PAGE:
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January 2008 Issue

For some parents, having a special-needs child could be an opportunity for bitterness and questioning God. But for Evelyn Blythe, it was an opportunity to celebrate life and establish a program that encourages some of Tennessee's most under-appreciated residents.

In 1962 Blythe gave birth to Roger, who is mentally retarded and autistic. Through her fight to get Roger an education, Blythe established a program for mentally challenged children that eventually expanded to serve adults. Thirty years later, her program has spawned a network of programs across Tennessee that provide love and education to adults with disabilities.

"I couldn't understand why God had sent this child who was going to change my life," Blythe said. "But I know now that it was His plan. Every step of the...

Lessons from Isaiah 59:1-21

This month marks the 35th anniversary of the infamous Roe v. Wade decision that legalized abortion in the United States. In effect, in 1973 the United States Supreme Court declared war against unborn children in our nation. Since then, more than 48 million pre-born children have been violently attacked, brutally dismembered, and horrifyingly mangled in what was designed by the Lord as a place of refuge — their mothers' wombs. Their remains have been casually pitched into Dumpsters or placed in plastic bags; they have not been allowed the common decency of a proper burial. We have given a pleasant sounding name to this Planned Genocide of America. We euphemistically call it abortion.

The Natural Injustice of Human Sin

Left to its own devic...

She cowered in the darkness of the closet just as she had done on numerous occasions in the past. Her dark brown eyes reflected distrust and uncertainty. As I reached to stroke the curly, auburn hair that clung to her tear-streaked face, she recoiled as if expecting a blow. Softly, I began singing, "Jesus loves you, this I know...."

God had prepared my heart for that moment since childhood. Your eyes saw me when I was formless; all [my] days were written in Your book and planned before a single one of them began (Psalm 139:16). When I was twelve years old, an article in Home Life magazine awakened a desire to minister to hurting children. Observations of my parents as they offered refuge to wayward teens and struggling families continued to shape my dreams. Each of these experiences became th...

Take a good look at Jacob Barker Hall. Whether in person or by photo it's hard not to see his bright eyes and engaging smile and not know the joy and the zest that define this nine-year-old's life. His speech and his physical awkwardness give glimpses of his Down Syndrome, but any signs of motor or mental difficulty are overshadowed by the special person he is as a child of God.

Jacob is a great name for my youngest son. Roughly translated into "supplanter," a more practical definition for his personality would be "steals the show," but not in a bad way. He showers others with love and encouragement, likely to say "good job" loudly to the choir or the pastor (along with a visible "thumbs up") — without concern for when he says it during the service (I final...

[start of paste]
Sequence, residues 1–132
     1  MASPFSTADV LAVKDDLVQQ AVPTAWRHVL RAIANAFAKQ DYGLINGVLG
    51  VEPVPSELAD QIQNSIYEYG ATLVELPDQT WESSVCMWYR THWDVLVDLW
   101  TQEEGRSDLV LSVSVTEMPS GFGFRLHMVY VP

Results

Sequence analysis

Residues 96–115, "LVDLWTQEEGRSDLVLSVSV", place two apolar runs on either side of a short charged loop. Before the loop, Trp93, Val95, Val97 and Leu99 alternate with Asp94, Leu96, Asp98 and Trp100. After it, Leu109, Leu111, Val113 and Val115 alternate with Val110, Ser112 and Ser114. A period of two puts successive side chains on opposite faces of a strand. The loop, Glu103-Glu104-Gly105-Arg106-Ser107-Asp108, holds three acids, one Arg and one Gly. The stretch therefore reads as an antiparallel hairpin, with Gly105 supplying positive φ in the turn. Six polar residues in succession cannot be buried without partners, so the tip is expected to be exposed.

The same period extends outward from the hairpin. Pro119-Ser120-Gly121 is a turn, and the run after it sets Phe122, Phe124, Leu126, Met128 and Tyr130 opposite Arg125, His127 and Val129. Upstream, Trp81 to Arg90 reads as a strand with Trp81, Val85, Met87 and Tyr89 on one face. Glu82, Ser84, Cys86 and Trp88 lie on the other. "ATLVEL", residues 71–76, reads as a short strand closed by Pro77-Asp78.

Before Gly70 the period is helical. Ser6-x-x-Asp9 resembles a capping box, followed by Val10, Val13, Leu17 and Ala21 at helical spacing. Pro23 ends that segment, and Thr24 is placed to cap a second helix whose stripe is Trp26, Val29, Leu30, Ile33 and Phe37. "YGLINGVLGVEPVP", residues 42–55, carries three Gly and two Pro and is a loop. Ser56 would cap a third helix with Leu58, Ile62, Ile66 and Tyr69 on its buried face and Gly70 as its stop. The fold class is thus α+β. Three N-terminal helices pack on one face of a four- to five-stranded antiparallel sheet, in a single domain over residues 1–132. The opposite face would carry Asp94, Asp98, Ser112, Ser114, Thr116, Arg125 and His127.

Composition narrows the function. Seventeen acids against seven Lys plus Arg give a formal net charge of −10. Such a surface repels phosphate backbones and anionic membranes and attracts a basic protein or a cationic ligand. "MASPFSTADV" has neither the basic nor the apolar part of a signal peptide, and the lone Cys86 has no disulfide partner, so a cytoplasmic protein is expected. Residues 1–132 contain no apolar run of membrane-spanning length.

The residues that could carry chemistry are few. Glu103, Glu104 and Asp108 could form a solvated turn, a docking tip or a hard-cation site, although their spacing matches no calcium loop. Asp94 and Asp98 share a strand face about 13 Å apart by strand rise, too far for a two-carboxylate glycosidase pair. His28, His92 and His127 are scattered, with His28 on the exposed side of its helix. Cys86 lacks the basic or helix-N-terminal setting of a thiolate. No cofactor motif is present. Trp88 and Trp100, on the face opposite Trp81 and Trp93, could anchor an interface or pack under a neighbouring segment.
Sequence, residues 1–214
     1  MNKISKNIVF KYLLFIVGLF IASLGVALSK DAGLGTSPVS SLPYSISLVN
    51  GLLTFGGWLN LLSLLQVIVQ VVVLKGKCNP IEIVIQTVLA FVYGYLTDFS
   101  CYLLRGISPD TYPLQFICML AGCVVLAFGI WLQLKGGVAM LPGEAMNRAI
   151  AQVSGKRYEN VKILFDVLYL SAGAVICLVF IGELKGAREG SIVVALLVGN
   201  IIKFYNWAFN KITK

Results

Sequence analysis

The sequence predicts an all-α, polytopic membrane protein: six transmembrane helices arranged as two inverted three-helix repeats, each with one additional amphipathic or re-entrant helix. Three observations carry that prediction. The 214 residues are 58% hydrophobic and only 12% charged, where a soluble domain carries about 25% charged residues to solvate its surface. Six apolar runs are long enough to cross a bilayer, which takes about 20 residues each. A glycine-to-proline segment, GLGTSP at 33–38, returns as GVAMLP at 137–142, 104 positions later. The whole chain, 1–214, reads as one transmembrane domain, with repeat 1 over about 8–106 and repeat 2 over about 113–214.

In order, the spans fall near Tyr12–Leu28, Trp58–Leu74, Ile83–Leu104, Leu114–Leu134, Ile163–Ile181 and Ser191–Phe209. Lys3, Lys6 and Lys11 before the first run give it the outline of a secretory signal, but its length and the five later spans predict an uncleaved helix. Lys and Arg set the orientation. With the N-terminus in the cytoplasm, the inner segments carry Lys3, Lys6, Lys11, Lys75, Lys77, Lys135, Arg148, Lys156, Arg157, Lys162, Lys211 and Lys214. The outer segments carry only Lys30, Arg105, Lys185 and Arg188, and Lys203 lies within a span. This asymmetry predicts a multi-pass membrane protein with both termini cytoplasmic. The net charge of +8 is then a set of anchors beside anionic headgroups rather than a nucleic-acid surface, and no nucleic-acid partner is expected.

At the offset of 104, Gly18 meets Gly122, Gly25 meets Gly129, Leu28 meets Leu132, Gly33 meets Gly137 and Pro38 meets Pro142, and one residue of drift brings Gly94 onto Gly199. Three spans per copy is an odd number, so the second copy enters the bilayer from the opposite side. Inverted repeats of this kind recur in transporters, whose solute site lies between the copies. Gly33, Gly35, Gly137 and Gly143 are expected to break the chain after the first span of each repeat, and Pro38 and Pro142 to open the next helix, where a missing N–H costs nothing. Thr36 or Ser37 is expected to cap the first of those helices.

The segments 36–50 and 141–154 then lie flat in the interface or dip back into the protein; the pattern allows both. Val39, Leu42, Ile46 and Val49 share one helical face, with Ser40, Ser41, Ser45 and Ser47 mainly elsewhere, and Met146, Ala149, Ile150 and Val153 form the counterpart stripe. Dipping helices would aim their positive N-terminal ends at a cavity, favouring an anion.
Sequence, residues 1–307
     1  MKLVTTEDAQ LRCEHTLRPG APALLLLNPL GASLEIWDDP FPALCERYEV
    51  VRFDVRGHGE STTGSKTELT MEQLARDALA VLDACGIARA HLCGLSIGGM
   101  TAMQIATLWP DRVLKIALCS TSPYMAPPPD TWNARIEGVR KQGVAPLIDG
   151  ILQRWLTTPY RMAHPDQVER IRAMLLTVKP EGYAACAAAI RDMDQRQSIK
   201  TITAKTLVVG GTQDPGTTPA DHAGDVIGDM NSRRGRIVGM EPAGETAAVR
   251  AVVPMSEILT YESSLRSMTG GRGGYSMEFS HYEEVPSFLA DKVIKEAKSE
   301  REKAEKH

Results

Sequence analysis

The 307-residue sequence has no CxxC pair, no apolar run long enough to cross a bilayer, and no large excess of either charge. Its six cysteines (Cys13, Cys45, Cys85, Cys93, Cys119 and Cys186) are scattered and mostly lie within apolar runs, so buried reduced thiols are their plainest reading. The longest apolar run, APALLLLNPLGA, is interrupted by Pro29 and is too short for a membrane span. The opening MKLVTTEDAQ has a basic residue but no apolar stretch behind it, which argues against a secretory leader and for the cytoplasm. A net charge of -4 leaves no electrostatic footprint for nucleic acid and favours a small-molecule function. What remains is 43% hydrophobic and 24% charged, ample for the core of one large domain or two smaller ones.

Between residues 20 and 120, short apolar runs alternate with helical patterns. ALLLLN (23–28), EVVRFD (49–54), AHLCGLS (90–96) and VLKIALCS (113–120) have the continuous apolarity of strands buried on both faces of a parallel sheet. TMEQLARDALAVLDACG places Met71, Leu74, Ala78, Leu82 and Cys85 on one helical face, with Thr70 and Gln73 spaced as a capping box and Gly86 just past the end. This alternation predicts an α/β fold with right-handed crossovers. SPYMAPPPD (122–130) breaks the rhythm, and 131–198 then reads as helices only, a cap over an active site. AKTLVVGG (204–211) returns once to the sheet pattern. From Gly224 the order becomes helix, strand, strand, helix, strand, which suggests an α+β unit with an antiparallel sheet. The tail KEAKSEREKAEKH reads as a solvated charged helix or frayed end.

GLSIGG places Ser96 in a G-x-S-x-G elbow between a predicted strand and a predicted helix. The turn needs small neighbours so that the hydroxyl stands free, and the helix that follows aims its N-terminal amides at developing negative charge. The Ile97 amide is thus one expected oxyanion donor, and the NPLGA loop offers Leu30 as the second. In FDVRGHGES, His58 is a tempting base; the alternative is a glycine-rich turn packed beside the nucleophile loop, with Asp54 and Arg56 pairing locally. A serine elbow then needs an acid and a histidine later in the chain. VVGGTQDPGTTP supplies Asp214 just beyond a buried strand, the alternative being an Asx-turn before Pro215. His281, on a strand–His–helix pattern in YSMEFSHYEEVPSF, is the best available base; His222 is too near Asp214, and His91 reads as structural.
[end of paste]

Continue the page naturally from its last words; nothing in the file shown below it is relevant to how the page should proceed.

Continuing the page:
"Just keep them. They're not worth much anyway." It's a common exchange I see when I stop at the gas station for a soda, or when I stand in line at a restaurant to pay the bill. People just don't value the penny anymore. Some give them away, a few even throw them in the trash rather than carry the coins in a pocket or purse.

There's even been a move in recent years to get rid of pennies altogether. In 2002 and again in 2006, a bill was introduced in Congress to stop production of the one-cent piece, which is viewed at least by the bill's sponsor as having no practical value and costing the government billions to mint. The initiative would have forced rounding prices up to the next five cent value, and I can imagine if such legislation ever passes, it will start a creep toward ro...

Editor's Note: Ronnie Hill has a powerful testimony and SBC LIFE recently asked him to share it with you. After reading it, you will understand why.

Sandra was a seventeen-year-old girl who was with her mom and dad on a fall vacation visiting family friends. The friends that they were visiting had an eighteen-year-old son. One evening both families decided to go down and look at the beautiful pond, but the son asked Sandra to stay back at the house. When all the family members were gone, he lured her into the utility room of their home where he raped her. Sandra did not tell anyone about this because she thought it was her fault. As a result of the rape, she became pregnant. Many people in our society would say, "You need to have an abortion! You do not need to go through th...

Last year, NBC Nightly News ran a series of reports entitled "Trading Places: Caring for your Parents." The series began with the personal stories of NBC reporters like Bryan Williams, Tim Russert, and Ann Curry, each of whom has dealt with an increasingly common question: what should I do with my aging parents? Baby boomers are beginning to experience sleepless nights as they worry about their mothers and fathers, and legislators should start to worry, too. The fact is that eldercare is already a national problem and soon will become a national crisis.

The plight of elderly Americans should be a top concern for Christians because this population is at significant risk of abuse and neglect. In my law practice, I have spent decades representing elderly men and women who have endured unspeakab...

A Glorious Future Ahead